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The Selfless Mind and Selfish Heart

Dear Friends,


How are you? I hope you're having a nice time whether you are in Berlin or somewhere else for your summer vacation.


There is a famous TKV Desikachar quote about how to measure progress in yoga - "The success of Yoga does not lie in the ability to perform postures but in how it positively changes the way we live our life and our relationships.”.


Looking back, the biggest transformation I have gone through in the past 15-16 years of dedicated yoga practice is that I am much less engaged in fulfilling my own desires, cravings, ambitions or goals and feel a much stronger urge to contribute to the wellbeing of others, but if I'm honest this is actually selfishly motivated. It has become quite clear to me that contributing to the wellbeing of others is much more fulfilling and satisfying than feeding one's own impulses and urges. Life can be filled with profound meaning and joy when we are genuinely engaged in being of service to others.


This has actually been mentioned for centuries in different yoga and Buddhist texts and is also something that was discovered in recent trendy research in different Universities around the world. You can check out some of the work that Laurie Santos from Yale University has been doing studying human happiness and wellbeing from a scientific point of view.


Here's the paradox - When having a bad day, shitty mood or crappy feeling for any reason, our default settings drive us to treat ourselves to ice-cream, shopping or a nice glass of wine (just to give a few examples) as a way to relieve this unpleasantness.

What we should actually do at this point is treat someone else!


It may feel completely counterintuitive, but the truth is that we will feel much better when we actually bring joy to others than when we satisfy our own desires. Of course this is not as simple as it sounds, and requires a bit of change of perspective. It can also get tricky, particularly if we know that ice-cream, shopping or wine, although can be enjoyable and pleasant, don't bring any real happiness but rather a short lasting pleasure that leads to more craving. Those of us who have realized this truth may feel the need to look for better ways to help others.


During the first corona lockdown I decided to use all that free time to practice lots of yoga and meditation. After a month or so of intense practice together with seeing the world become frightened, stressed and depressed, or angry and resentful, I noticed a strong urge in me to make real efforts to reduce suffering in the world. I was searching for ways to devote my time and effort and make significant impact. Yoga teaching was something that I chose to do for that reason, but it was not available at that time and it seemed like there are more pressing matters.



How to measure human suffering?!?


First of all, there needs to be some clarity on what is real "suffering" and what are its causes.

Yoga and Dhamma have very clear definitions for that, but there are others as well..


I was trying to compare different sources of suffering in the world and their impact both on an individual level as well as on societies at large. One of many discoveries I made was that modern sanitation, which most of us take for granted, is actually not available for many millions of people around the world. This leads to all sorts of unnecessary devastating sickness, particularly among children. From my point of view losing a child is the most painful thing a person can go through. What I found is that modular solutions are easy and inexpensive, but there are very limited resources directed to that cause. There is also a matter of distrust among people in these areas of the world in rich Westerners intervening with their lives.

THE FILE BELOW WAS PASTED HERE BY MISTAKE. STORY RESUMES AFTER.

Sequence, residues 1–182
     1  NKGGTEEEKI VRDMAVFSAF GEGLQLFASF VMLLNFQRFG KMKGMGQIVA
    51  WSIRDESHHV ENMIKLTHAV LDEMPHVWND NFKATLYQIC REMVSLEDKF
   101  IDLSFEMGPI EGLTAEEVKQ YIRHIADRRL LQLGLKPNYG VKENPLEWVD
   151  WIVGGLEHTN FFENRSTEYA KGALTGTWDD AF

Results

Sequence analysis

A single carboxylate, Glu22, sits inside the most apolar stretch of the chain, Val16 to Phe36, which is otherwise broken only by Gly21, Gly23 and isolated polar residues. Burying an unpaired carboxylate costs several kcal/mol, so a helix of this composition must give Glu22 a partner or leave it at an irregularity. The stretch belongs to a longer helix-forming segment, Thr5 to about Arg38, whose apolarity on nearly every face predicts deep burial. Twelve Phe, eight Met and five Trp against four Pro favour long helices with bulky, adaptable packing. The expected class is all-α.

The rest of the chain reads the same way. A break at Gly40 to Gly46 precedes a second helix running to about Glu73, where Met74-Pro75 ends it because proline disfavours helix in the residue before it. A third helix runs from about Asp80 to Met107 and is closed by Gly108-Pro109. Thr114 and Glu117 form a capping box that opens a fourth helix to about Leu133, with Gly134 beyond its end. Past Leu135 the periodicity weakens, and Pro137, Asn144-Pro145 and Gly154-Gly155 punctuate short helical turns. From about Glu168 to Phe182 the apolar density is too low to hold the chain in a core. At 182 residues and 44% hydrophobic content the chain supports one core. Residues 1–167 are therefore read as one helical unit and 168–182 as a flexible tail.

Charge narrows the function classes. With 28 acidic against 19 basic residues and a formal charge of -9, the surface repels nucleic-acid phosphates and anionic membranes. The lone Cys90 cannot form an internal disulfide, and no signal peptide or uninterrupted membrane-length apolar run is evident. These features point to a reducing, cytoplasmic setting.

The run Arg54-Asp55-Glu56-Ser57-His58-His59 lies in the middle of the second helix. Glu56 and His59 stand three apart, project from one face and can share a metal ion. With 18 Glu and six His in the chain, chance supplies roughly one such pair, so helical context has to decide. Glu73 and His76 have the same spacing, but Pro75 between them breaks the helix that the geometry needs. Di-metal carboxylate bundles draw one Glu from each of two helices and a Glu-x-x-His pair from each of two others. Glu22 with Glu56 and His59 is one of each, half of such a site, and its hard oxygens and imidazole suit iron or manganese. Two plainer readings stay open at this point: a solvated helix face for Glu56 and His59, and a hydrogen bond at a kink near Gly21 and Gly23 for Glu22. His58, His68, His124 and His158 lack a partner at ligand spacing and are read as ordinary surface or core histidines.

I decided to go to Africa and try to convince and teach people how to take a shit Western style!


Unfortunately I hit a wall quite fast. It seemed almost impossible to get a job in an NGO and doing these things independently did not seem like a real option. And so, after some attempts I had to give it up. Instead I decided to try and donate however much money I can, which unfortunately is not much, to organizations that really make an impact. I discovered a wonderful resource - Effective Altruism and I'm still considering taking the Giving What We Can pledge.


Dedicating one's resources to others, whether time, effort, money or love, is fulfilling in profound ways. It is also a sign of real progress on the yoga path, when our more selfish tendencies start to dissolve and lose their grip, and a state of peace and harmony fills our heart with loving kindness and drive us to share this with others. The Buddhists call this urge Karuna (compassion). It is not about pleasing others or helping them satisfy their craving for simple pleasures. It is also not about suppressing our basic needs or sacrificing ourselves at the cross. It is about living with an attitude of caring for others, of being compassionate to those who are suffering and feeling sympathetic joy for those who are happy.


This requires us to live a more contemplative and examined life and observe the internal and external landscape of our existence with some clarity and wisdom.



Looking forward to sharing the wonders of yoga with you!


With love and gratitude

Oren

💚



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